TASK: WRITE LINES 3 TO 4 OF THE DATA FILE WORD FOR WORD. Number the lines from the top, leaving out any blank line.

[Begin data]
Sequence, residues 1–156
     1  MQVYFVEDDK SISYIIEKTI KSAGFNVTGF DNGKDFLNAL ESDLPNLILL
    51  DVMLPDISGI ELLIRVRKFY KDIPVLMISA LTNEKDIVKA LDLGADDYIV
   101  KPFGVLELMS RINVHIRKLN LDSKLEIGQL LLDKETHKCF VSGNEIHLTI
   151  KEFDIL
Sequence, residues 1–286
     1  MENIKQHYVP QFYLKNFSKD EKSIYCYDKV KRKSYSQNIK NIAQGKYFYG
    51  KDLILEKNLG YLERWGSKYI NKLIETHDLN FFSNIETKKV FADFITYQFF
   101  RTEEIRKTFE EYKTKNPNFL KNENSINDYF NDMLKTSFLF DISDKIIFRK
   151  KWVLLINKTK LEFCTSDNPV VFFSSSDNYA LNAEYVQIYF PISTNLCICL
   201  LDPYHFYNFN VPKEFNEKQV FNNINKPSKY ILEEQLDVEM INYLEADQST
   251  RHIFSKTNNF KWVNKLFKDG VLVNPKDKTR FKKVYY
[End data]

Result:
    51  DVMLPDISGI ELLIRVRKFY KDIPVLMISA LTNEKDIVKA LDLGADDYIV
   101  KPFGVLELMS RINVHIRKLN LDSKLEIGQL LLDKETHKCF VSGNEIHLTI